For the same reasons we decline to rule, as appellees would have us do and as the trial court did, that caveat emptor applies. We agree with the trial court that "The mere sale of a defective article does not establish fraud on the part of the seller."[3] But we have more than that naked hypothesis here. We have an article with a *85 concealed defect, which was at the very least (adopting defendants' own version) represented to be in functioning condition when it was in fact completely inoperable and had to be replaced. This pretense of knowledge on the part of seller's agent, this vital though innocent misrepresentation, being in the eyes of the law a fraud, left no room for the application of caveat emptor.[4]

We do not agree with appellees that because there were factual disputes at the trial there is nothing for us to review here. It is, of course, not surprising that plaintiffs told a stronger and more detailed story of misrepresentations, and that defendants' version was less damaging to themselves. But damaging it was, as we have already explained in considerable detail: damaging enough to constitute actionable fraud. Moreover, there is recent and unassailable authority that "[a] finding is clearly erroneous when `although there is evidence to support it, the reviewing court on the entire evidence is left with a definite and firm conviction that a mistake has been committed.'" McAllister v. United States, 75 S. Ct. 6, 8.[5] We note also that the Supreme Court has denied certiorari in a case in which the second circuit ruled that where the evidence is partly oral and the balance is written, or deals with undisputed facts, then the appeals court may ignore the trial judge's finding and substitute its own, if the written evidence or some undisputed fact renders the credibility of the oral testimony extremely doubtful. Orvis v. Higgins, 2 Cir., 180 F.2d 537, certiorari denied, 340 U.S. 810, 71 S. Ct. 37, 95 L. Ed. 595.

In the case before us there was a letter, written by the broker, stating that his office had been told by the former owner that the heating plant was in good condition; and this letter was in contradiction of the testimony that the saleswoman told these purchasers nothing about the subject because she knew nothing about it. But we have not based our decision on that written admission or on contradictions between writings and verbal testimony.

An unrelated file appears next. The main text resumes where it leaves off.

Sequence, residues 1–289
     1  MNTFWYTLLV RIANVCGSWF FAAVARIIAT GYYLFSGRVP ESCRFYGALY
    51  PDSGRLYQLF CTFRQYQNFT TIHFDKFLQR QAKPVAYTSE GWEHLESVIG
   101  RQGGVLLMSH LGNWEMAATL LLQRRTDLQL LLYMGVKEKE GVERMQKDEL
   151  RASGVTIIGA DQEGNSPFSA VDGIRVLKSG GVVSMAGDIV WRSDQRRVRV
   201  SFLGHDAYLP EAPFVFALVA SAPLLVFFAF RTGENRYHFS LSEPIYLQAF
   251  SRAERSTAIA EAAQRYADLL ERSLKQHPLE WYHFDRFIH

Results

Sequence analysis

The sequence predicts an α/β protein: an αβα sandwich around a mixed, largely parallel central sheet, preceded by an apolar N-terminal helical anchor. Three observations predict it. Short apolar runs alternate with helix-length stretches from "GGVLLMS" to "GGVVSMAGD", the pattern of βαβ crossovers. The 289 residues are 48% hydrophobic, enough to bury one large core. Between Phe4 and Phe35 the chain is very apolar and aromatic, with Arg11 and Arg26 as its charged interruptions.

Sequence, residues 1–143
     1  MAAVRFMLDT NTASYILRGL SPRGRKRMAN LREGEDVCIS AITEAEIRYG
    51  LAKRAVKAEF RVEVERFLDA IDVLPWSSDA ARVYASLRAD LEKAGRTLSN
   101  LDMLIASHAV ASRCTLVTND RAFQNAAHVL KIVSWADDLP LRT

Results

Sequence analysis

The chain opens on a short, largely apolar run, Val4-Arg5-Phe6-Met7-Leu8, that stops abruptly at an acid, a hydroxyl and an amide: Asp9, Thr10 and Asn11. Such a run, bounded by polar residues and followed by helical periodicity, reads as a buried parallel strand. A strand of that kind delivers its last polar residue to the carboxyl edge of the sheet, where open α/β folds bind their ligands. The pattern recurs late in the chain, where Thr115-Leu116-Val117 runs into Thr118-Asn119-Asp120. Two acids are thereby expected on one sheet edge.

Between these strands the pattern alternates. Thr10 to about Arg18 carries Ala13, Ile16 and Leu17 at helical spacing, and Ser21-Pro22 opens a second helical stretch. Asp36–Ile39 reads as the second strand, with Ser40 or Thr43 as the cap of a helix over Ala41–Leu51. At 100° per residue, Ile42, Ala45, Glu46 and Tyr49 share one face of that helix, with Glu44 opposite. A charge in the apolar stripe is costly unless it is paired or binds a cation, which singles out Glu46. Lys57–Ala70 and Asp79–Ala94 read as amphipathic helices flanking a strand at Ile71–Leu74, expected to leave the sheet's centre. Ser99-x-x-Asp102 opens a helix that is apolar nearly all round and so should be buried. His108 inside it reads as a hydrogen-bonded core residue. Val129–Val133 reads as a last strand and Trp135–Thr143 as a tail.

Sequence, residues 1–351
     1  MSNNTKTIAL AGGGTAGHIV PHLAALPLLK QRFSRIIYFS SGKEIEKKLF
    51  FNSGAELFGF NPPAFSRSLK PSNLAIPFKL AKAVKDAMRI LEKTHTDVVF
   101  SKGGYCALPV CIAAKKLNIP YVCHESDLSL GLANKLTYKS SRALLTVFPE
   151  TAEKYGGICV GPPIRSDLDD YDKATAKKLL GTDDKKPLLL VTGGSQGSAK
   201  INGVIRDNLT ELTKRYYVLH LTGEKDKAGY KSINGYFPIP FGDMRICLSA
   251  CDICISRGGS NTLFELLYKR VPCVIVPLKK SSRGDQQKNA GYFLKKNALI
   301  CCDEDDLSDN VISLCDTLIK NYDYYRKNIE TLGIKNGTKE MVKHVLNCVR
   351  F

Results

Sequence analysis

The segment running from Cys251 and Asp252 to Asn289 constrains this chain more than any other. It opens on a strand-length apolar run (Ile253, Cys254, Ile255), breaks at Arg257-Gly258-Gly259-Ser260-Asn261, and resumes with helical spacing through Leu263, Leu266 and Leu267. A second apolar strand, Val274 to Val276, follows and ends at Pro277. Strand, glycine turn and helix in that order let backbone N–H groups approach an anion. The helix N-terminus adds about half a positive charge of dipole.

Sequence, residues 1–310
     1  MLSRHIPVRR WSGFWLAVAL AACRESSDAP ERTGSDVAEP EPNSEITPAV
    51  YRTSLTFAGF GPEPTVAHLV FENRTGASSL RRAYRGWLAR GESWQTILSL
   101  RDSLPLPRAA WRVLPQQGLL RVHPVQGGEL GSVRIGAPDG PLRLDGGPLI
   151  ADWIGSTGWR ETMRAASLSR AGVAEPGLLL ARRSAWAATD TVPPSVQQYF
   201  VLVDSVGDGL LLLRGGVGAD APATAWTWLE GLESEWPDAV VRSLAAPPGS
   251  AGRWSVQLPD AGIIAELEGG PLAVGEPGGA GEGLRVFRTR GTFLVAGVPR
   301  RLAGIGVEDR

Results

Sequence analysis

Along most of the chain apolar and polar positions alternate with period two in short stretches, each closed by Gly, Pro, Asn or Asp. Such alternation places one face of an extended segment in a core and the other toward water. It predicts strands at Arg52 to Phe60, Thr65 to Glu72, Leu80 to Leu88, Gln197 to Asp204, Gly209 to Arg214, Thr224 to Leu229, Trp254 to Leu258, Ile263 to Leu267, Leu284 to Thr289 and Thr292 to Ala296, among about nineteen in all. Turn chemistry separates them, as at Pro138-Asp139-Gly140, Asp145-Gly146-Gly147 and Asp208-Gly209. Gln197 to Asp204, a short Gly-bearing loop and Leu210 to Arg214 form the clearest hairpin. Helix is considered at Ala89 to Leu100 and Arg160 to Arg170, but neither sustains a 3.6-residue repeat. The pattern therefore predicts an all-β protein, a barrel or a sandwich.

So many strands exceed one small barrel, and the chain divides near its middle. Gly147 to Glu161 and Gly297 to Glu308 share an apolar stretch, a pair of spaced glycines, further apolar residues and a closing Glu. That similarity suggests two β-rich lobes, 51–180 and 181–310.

Nevertheless, the cases just cited fortify us in our conclusion that in any view of the evidence as a whole, the answer is not doubtful and the broker Wright and his principal Sarsfield must be held answerable in damages to these plaintiffs.

There is a dispute between the parties as to the proper measure of damages. Defendants seem to contend that compensation should be on the basis of the difference between the price paid for the house itself and its depreciated market value resulting from the discovered defect. That is a test frequently employed, and one we have in some circumstances approved.[6] But it is not the only or inevitable test. We think it would be just as wise and proper in this case to take the direct and simple approach, and award damages on the basis of the actual cost of replacing the defective boiler, with suitable recognition of the age of the boiler and of the further useful life it would have had if it had not cracked. See Shapiro, Inc., v. Bimblich, D.C.Mun.App., 101 A.2d 890; Fortune v. Evans, D.C.Mun. App., 58 A.2d 919.

If the parties cannot agree on an amount which would meet these tests, then damages are to be assessed by the trial court on the basis of the evidence already adduced, or by taking further testimony on the subject.

Reversed, with instructions to award judgment to plaintiffs against both defendants.


[1] Appellee Sarsfield, who sold to appellants, had bought the house from Mrs. Hutchinson through Wright, the same broker, but because of a change in his personal plans had never occupied it.

[2] The advertisement which attracted their attention to the property stated that the house "needs decorating; reasonably priced accordingly * * *" but made no mention of any repairs being needed on the heating plant.

[3] Citing Michael Home Equipment Co. v. McCauley, D.C.Mun.App., 98 A.2d 101.

[4] See Lester v. Superior Motor Car, Inc., 73 App.D.C. 171, 117 F.2d 780; Tucker v. Beazley, D.C.Mun.App., 57 A.2d 191.

[5] See also, United States v. Oregon State Medical Society, 343 U.S. 326, 339, 72 S. Ct. 690, 96 L. Ed. 978; United States v. United States Gypsum Co., 333 U.S. 364, 395, 68 S. Ct. 525, 92 L. Ed. 746.

[6] Kraft v. Lowe, D.C.Mun.App., 77 A.2d 554; Horning v. Ferguson, D.C.Mun.App., 52 A.2d 116.